|The Bells Sketch|
|Released||8 March 2010|
|Label||Hessle Audio (HES011)|
|James Blake chronology|
The songs on The Bells Sketch have a speed of around 72 beats per minute, which is considered slow for dance music. The title track of the EP features "playful" vocals, "erratic jazz piano basslines", and synthesizers. The song's vocals are a mix of samples and Blake's own voice. It opens with a violin-like sound, after which Blake starts singing. After each phrase, a "video-game noise" covers up the vocals. Halfway through the track, Blake's voice is drowned out by bass.
The next track, "Buzzard and Kestrel", starts with a mixture of muffled vocals and dog whistle melodies. The song stays this way for half its duration, until a cowbell is played. The song then fades out as it ends. It is influenced by lounge piano and Outkast snare patterns, and features some synthesizer. The final track of the album is "Give a Man a Rod". The song is driven by claps sounding like drums, and vocals akin to Flying Lotus. A version of the song without a drop was released in 2011, entitled "Give a Man a Rod (Second Version)".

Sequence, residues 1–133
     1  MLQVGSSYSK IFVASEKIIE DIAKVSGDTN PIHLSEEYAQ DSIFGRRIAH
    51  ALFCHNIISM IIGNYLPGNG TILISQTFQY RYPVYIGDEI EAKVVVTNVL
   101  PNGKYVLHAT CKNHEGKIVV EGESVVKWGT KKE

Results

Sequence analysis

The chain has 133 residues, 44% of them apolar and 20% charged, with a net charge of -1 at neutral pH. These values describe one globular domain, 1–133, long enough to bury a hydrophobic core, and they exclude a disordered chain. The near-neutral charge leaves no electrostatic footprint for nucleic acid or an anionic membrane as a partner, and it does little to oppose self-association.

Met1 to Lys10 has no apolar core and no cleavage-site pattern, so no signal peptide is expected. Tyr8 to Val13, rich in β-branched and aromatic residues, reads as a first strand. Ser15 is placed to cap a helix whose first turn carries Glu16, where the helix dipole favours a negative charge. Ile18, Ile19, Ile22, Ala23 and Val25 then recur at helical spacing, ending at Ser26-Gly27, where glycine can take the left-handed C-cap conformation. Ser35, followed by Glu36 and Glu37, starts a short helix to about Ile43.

The EP received critical acclaim from music critics. Mike Coleman of Fact gave The Bells Sketch 4 and a half "records" out of 5, saying "The Bells Sketch is a complex thing – beautiful and difficult, its glitch-peppered oddities are addictive, but bursting at the seams with a desire to experiment and a complete lack of compromise." Mike Powell of Pitchfork said of the EP: "I think it's both [brilliant and a high-concept mess], but I really like high-concept messes."
Resident Advisor also gave the album 4 and a half stars out of 5. Speaking of the EP, critic Oli Marlow said: "Deliciously weird, off-key and superbly layered, James Blake's debut outing on Hessle Audio manages to succinctly justify the hype his work is now receiving." In 2010, Pitchfork named The Bells Sketch the eighth best album of the year, along with fellow EPs CMYK and Klavierwerke; the website was "amazed" at how Blake released three EPs in one year, all of different styles.
|1.||"The Bells Sketch"||4:18|
|2.||"Buzzard & Kestrel"||5:43|
|3.||"Give a Man a Rod"||4:36|
- "The Bells Sketch – EP by James Blake". iTunes. Retrieved 26 February 2012.
- Powell, Mike (25 February 2010). "James Blake: "The Bells Sketch"". Pitchfork. Retrieved 26 February 2012.
- Marlow, Oli (17 March 2010). "James Blake – The Bells Sketch". Resident Advisor. Retrieved 26 February 2012.
- Coleman, Mike (8 March 2010). "James Blake: The Bells Sketch EP". Fact. Archived from the original on 16 January 2015. Retrieved 26 February 2012.
- Bevan, David (12 May 2011). "James Blake: "Give A Man A Rod (Second Version)"". Pitchfork. Retrieved 26 February 2012.
- Powell, Mike (16 December 2010). "Staff Lists: The Top 50 Albums of 2010". Pitchfork. Retrieved 26 February 2012.